• Clarification that, in addition to proof of transport, the VAT number of the commercial partners recorded in the electronic EU VAT-number verification system (VIES) is required for the cross-border VAT exemption to be applied under the current rules.

Additionally, the Commission confirmed that in November 2017, it would release its: proposal for a modernized system of setting VAT rates, to give greater flexibility to member states as regards VAT rates; proposal to reinforce administrative cooperation between member states; and its proposal to simplify VAT for SMEs, which will look at how to ease VAT obligations for small- and medium-sized enterprises.

However, at the time of writing, these additional proposals have yet to materialize.

The Next Steps

This legislative proposal will be sent to the member states in the Council for agreement and to the European Parliament for consultation. The Commission will follow this initiative in 2018 with a detailed legal proposal to amend the EU VAT Directive at technical level so that the proposals set out for the definitive VAT regime can be smoothly implemented. It is intended that the transitional measures and so-called "quick fixes" will take effect in January 2019. The definitive VAT regime is expected to apply from 2022.

Weighing Up The Reforms

In justifying the need for these changes, Pierre Moscovici, European Commission for Taxation, said that the old regime was no longer fit for purpose in the age of the Single Market, and that the proposals were vital, both to thwart the activities of tax evaders and criminals, and to provide a more seamless EU VAT system.

"25 years after the creation of the Single Market, companies and consumers still face 28 different VAT regimes when operating cross-border. Criminals and possibly terrorists have been exploiting these loopholes for too long… this anachronistic system based on national borders must end!," he declared.

"Member states should consider cross-border VAT transactions as domestic operations in our internal market by 2022. Today's proposal is expected to reduce cross-border VAT fraud by around 80 percent. At the same time, it will make life easier for EU companies trading across borders, slashing red tape, and simplifying VAT-related procedures. In short: good news for business, consumers, and national budgets, bad news for fraudsters," he added.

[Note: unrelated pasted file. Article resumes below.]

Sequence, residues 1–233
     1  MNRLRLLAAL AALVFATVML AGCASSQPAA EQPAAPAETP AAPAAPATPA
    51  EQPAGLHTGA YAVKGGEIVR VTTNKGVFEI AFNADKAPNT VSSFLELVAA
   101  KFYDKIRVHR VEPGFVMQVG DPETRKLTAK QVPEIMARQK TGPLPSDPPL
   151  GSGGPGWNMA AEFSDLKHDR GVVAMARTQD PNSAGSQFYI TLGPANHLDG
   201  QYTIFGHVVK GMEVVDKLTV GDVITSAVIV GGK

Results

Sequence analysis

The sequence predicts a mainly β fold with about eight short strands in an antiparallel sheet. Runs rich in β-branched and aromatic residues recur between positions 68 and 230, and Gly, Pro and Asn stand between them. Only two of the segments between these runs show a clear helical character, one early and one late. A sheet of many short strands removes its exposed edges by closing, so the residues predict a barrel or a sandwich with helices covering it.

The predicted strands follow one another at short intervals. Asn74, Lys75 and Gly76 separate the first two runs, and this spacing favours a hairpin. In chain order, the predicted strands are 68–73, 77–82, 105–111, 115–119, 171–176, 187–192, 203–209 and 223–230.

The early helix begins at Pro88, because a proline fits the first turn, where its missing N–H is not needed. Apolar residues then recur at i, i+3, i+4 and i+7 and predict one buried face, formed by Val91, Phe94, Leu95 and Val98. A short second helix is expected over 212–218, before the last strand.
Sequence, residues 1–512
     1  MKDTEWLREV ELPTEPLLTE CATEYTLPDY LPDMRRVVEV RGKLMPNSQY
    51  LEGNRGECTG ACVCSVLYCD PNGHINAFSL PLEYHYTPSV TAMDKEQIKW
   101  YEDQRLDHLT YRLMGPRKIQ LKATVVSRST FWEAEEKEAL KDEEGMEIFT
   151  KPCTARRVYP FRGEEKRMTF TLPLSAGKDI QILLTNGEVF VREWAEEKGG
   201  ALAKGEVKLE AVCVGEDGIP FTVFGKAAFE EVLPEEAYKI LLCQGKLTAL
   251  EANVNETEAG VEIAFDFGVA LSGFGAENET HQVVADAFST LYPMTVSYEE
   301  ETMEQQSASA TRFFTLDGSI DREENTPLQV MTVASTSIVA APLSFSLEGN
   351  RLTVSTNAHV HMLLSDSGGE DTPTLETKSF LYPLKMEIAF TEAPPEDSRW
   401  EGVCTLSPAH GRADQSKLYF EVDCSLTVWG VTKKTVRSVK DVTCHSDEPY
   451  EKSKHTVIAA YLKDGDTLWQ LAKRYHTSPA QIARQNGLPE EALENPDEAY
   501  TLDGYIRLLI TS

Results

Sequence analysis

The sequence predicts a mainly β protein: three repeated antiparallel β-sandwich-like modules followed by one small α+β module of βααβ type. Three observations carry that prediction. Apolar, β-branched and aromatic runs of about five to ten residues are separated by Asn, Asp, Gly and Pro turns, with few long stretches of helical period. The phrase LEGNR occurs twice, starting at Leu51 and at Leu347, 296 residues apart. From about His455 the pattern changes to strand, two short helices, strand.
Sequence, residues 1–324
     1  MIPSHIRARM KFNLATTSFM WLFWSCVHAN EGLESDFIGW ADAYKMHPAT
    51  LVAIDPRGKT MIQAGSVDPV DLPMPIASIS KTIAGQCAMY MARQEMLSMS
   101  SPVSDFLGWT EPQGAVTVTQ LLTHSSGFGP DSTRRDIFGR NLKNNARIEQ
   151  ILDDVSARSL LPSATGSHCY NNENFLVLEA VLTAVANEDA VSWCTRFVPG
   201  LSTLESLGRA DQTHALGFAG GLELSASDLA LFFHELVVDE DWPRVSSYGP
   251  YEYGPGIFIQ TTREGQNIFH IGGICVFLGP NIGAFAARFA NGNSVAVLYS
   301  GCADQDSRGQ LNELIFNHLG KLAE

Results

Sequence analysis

However, Moscovici's words don't disguise the fact that whichever way one views the proposals, they still represent a far-reaching overhaul to the EU VAT system, and the new system, based on the destination principle, is likely to take some getting used to for many taxpayers, especially SMEs and small traders.

Indeed, the reforms themselves are complex, and as such any gains for taxpayers in terms of simplification may well be compromised. The Certified Taxable Persons proposal, to name one of the more controversial elements of the reforms, could potentially add to the compliance burden of taxpayers.

Political compromises are also expected. Indeed, there is no guarantee that these reforms will be put in place according to the schedule outlined by the Commission, and it is likely that they could look quite different to those outlined above once the member states have had their say. Given that the plan is likely to be debated intensively in the Council, the current timetable looks quite ambitious.

Nevertheless, this isn't to say that taxpayers shouldn't prepare for major changes to the VAT system, even if they could be some way off. These VAT reforms are one of the Commission's highest priorities, and they are therefore likely to remain high on the EU agenda.


Tags: tax | business | Tax | compliance | trade | Europe | European Commission | services | budget | Greece | VAT rates | Romania | Spain | Luxembourg | Malta | Belgium | Slovakia | Croatia | Denmark | Finland | tax authority